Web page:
Study Says Marrying After This Age Will Lead To Divorce

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People used to be encouraged to wait until they got older to marry. Countless number of parents asked, "Why can't you wait a while? Why do you want to rush it?"

The older, the better was the philosophy. The relationship between age at marriage and divorce risk was almost always linear: the older you were, the less chance you'd get divorced. 

But now, new data suggests that those who marry after their early thirties are more likely to divorce than those who marry in their late twenties, according to Nicholas H Wolfinger, a University of Utah sociologist. Wolfinger concluded that there's actually such a thing as waiting too long, and there's a sweet spot of relationship longevity.

Someone who gets married when they're 20 years old is 50 percent more likely to get divorced than someone who gets married when they're 25. And each additional year you wait to get married reduces the odds of getting divorced by about 11 percent — until you hit 32, and the trouble starts. Your odds (of divorce) start to go up.

No, it hasn't always been this way.

Wolfinger says, "This is a big change ... it's only recently that thirty-something marriage started to incur a higher divorce risk. It appears to be a trend that's gradually developed over the past twenty years: a study based on 2002 data, observed that the divorce risk for people who married in their thirties was flattening out, rather than continuing to decline through that decade of life as it previously had."

So, does the experience of staying unmarried well past the age of 30 somehow make people unfit for lasting marriage?

If you've had many boyfriends or girlfriends, your exes might interfere with your marriage and may tempt you with being unfaithful. If you've had children with one or more of your exes, there could be major baby mama drama.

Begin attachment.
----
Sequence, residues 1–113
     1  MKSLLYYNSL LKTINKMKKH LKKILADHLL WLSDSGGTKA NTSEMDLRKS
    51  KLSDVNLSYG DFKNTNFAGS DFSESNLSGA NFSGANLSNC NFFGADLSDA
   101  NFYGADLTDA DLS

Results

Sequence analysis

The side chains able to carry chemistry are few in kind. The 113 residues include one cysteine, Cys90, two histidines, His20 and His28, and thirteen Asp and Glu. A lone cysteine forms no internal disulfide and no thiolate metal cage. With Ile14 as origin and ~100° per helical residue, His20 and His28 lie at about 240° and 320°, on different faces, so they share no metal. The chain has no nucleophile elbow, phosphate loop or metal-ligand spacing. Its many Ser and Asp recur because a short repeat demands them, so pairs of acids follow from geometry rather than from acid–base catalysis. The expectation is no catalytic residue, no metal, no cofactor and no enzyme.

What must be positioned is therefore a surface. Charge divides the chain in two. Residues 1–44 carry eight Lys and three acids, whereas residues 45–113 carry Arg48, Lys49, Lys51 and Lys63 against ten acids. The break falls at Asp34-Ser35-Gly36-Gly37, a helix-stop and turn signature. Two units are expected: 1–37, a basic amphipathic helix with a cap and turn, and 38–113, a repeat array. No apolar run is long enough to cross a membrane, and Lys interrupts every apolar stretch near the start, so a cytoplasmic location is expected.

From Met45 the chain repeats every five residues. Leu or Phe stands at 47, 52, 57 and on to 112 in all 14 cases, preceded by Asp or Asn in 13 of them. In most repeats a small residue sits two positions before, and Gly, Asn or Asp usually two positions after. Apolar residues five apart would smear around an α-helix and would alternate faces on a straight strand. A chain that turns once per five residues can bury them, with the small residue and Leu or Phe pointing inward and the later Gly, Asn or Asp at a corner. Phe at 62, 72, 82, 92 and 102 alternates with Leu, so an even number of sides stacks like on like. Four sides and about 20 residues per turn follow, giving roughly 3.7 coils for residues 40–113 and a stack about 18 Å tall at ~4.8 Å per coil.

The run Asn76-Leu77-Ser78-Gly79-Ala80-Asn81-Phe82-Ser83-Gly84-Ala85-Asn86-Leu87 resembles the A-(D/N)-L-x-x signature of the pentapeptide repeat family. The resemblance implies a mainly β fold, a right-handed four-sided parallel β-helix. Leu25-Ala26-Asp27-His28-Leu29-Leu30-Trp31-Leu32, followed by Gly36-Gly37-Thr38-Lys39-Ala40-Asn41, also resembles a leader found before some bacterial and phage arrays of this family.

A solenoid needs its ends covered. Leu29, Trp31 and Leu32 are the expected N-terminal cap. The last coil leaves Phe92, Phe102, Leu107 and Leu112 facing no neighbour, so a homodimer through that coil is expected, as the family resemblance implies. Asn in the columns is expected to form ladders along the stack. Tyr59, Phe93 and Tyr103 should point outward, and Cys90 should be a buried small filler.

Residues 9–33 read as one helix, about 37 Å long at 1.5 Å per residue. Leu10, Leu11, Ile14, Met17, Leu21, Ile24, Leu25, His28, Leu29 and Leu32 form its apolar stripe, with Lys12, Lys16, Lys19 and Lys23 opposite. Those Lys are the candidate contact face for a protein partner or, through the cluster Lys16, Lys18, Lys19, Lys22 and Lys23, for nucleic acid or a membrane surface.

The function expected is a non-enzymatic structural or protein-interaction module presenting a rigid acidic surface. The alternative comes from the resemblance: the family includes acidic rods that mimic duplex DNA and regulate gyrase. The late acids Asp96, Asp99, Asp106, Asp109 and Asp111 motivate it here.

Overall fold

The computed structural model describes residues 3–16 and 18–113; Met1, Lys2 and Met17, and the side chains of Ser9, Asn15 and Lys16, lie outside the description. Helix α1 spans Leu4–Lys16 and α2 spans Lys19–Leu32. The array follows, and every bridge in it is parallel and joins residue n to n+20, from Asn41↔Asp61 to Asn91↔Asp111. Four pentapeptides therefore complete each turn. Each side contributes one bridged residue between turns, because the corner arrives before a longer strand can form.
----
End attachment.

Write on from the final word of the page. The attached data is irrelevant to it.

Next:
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"Having multiple sex partners prior to marriage significantly increases the chances of getting divorced," says Wolfinger. But this still doesn't explain why thirty-something marriages now have higher divorce rates than do unions formed in late twenties.

Wolfinger has another theory: "My money is on a selection effect: the kinds of people who wait until their thirties to get married may be the kinds of people who are predisposed toward doing well in their marriages.

For instance, some people seem to be congenitally cantankerous. Such people naturally have trouble with interpersonal relationships. Consequently, they delay marriage, often because they can't find anyone willing to marry them. When they do tie the knot, their marriages are automatically at high risk for divorce."

It could be that some of the thirty-somethings who would've been good marriage material — not congenitally cantankerous — are perfectly happy being single, or living with a partner out of wedlock. 

All they know for sure is that people who marry in their thirties are now at a great risk of divorce than people who wed in their late twenties. 

As if you didn't have enough things to worry about.